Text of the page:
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Article
August 1992

Detection of Varicella Zoster Virus DNA and Viral Antigen in the Late Stage of Bilateral Acute Retinal Necrosis Syndrome

Author Affiliations

From the Department of Ophthalmology (Drs Rummelt and Naumann, Mr Wenkel, and Ms Rummelt) and Institute of Clinical and Molecular Virology (Dr Jahn), University of Erlangen-Nürnberg, Erlangen, and the Department of Ophthalmology, Marienhospital Osnabrück, Osnabrück (Dr Meyer), Federal Republic of Germany.

Arch Ophthalmol. 1992;110(8):1132-1136. doi:10.1001/archopht.1992.01080200112037
Abstract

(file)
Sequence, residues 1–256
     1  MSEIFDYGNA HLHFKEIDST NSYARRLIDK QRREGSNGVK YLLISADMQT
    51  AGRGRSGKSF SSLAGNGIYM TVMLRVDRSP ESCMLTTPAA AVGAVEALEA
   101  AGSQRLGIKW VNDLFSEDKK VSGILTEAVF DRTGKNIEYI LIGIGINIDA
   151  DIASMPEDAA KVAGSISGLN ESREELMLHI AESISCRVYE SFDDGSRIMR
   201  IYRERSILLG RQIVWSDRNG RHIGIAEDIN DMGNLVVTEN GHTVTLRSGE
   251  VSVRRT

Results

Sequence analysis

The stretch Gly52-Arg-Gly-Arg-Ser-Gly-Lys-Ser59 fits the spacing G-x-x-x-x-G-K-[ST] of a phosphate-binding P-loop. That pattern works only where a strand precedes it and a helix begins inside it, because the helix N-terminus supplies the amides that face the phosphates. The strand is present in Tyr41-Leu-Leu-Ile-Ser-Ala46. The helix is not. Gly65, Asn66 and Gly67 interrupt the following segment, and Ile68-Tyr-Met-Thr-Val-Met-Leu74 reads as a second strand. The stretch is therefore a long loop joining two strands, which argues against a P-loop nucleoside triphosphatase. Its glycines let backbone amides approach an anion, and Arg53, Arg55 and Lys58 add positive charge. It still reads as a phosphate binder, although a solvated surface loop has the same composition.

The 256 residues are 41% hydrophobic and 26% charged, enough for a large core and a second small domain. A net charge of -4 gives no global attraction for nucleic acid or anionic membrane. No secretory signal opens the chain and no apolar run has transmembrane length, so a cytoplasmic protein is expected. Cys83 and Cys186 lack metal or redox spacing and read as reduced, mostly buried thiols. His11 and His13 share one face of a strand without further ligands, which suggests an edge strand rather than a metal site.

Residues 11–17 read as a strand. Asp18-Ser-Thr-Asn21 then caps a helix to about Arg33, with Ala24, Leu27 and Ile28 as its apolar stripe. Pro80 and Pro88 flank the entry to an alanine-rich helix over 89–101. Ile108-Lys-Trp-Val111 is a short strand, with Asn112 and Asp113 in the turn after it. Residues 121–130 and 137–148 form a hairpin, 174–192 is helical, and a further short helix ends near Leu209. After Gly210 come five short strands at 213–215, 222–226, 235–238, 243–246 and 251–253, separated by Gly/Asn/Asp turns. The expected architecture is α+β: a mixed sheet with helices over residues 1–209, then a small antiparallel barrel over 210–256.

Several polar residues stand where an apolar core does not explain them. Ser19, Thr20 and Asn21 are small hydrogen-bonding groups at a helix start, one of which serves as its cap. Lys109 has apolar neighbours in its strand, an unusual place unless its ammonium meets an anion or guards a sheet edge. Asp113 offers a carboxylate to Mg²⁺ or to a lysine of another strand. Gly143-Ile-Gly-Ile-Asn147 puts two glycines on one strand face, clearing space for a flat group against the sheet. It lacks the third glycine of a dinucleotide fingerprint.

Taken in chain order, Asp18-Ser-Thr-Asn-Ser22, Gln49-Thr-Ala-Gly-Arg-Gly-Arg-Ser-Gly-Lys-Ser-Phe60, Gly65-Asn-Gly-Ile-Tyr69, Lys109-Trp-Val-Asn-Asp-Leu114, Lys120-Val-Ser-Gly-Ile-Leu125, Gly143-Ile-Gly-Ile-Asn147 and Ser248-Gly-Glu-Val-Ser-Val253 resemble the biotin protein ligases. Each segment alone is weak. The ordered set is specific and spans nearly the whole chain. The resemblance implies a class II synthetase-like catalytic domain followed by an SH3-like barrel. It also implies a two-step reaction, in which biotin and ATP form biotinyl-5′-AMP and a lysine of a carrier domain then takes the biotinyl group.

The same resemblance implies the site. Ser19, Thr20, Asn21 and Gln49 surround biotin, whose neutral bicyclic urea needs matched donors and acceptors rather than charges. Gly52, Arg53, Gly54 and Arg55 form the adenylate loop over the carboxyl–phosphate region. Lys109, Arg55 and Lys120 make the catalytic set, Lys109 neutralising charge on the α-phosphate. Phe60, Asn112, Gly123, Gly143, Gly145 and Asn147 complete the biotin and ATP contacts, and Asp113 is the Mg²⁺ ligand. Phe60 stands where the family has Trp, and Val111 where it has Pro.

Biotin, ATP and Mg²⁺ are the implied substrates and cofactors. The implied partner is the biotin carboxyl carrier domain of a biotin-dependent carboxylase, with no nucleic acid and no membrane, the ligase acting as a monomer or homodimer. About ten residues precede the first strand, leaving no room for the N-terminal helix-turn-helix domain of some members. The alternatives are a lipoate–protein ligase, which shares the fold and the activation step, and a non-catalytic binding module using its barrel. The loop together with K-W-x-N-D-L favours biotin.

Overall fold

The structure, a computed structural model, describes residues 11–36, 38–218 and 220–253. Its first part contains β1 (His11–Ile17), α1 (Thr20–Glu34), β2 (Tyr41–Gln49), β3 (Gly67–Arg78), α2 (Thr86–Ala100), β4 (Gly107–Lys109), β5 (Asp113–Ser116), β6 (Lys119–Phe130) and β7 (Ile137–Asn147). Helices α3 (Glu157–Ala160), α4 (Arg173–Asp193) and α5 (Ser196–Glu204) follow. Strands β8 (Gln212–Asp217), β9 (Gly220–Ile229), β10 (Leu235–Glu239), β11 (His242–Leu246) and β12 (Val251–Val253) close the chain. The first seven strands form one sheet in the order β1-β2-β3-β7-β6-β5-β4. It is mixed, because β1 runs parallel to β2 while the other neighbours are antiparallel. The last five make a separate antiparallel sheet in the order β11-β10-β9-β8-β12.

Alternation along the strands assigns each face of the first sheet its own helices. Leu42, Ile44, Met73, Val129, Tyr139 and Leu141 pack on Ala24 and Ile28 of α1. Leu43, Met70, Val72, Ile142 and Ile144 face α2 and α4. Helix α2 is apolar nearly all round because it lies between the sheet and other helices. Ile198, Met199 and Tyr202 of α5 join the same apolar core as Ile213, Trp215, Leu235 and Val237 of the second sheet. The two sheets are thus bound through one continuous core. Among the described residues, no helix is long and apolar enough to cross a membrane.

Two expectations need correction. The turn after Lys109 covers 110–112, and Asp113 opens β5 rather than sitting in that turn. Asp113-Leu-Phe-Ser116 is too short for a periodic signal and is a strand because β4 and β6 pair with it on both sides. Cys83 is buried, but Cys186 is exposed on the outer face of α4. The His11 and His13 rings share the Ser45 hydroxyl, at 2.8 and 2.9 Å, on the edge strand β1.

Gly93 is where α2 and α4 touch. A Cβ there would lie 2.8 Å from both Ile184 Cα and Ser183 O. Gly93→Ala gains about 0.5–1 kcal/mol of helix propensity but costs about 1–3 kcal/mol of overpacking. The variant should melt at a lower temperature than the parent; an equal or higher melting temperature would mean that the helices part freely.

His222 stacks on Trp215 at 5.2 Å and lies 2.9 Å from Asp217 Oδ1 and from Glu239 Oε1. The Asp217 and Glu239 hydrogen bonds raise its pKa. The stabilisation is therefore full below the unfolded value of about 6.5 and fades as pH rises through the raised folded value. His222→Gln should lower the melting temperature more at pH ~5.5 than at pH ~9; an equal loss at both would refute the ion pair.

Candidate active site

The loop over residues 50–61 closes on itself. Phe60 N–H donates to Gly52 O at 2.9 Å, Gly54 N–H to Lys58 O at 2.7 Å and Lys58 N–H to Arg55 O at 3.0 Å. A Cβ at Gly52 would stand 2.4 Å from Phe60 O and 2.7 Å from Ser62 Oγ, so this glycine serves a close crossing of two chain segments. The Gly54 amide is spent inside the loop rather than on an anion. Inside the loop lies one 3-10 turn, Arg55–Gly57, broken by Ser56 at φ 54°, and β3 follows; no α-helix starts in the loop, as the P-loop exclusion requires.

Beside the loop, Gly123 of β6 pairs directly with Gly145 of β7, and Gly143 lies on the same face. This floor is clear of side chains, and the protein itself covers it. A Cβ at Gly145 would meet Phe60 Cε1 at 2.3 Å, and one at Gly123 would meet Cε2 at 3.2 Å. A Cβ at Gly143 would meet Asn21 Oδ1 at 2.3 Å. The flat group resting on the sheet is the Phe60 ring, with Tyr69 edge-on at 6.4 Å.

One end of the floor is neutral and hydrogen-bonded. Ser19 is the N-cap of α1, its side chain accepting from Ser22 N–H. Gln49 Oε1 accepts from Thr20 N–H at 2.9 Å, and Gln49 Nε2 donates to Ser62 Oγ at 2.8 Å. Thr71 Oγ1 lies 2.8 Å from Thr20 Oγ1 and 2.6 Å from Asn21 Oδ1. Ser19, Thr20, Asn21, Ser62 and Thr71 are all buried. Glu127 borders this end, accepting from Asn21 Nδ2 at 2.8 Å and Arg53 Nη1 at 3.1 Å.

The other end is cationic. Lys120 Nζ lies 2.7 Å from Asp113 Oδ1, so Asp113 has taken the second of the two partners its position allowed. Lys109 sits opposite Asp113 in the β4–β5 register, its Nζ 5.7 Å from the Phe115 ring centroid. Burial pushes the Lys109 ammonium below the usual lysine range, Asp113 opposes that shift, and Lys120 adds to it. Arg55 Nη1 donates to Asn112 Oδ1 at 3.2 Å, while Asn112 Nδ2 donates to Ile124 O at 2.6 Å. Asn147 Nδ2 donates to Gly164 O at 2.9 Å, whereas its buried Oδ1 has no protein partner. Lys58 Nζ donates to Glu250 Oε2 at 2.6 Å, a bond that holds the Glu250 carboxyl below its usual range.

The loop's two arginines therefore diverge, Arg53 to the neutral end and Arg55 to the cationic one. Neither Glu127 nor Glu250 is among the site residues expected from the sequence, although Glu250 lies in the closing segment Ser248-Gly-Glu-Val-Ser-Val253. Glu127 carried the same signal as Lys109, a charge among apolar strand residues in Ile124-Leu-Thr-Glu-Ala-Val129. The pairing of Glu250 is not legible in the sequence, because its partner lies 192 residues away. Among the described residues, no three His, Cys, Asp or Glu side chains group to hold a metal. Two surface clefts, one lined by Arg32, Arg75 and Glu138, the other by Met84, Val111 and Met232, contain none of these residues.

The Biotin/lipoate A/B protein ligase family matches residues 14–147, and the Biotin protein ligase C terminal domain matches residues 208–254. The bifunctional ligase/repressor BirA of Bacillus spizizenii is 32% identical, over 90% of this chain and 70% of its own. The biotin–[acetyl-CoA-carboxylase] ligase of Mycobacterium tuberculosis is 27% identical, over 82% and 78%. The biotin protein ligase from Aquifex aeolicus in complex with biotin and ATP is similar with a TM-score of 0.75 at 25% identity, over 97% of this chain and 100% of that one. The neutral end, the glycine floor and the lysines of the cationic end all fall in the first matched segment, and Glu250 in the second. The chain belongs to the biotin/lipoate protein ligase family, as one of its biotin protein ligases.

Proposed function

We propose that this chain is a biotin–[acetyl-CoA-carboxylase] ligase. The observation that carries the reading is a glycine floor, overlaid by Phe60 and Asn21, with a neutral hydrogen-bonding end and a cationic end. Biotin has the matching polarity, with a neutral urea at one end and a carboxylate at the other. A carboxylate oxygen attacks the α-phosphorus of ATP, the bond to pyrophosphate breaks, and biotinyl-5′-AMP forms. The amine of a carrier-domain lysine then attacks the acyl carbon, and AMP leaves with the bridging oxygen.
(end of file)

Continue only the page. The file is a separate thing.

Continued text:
• We describe the clinicopathologic and virologic findings in the right, blind eye of an immunocompetent 61-year-old woman. The eye was enucleated 32 months after the clinical onset of a bilateral acute retinal necrosis syndrome. Histopathologic study showed a diffuse, full-thickness, necrotizing retinitis with replacement of sensory retinal structures by glial tissue, occlusive retinal arteritis, granulomatous choroiditis, and optic neuritis with ischemic optic atrophy. Varicella zoster virus could be identified as the causative agent by DNA in situ hybridization and by immunohistochemical stains in mononuclear cells with eosinophilic intracytoplasmic inclusions. Virus was detected only within the choroid and the choriocapillaris. We conclude that these histopathologic and virologic features are consistent with a "burned-out phase" of a varicella zoster virus—induced acute retinal necrosis syndrome.

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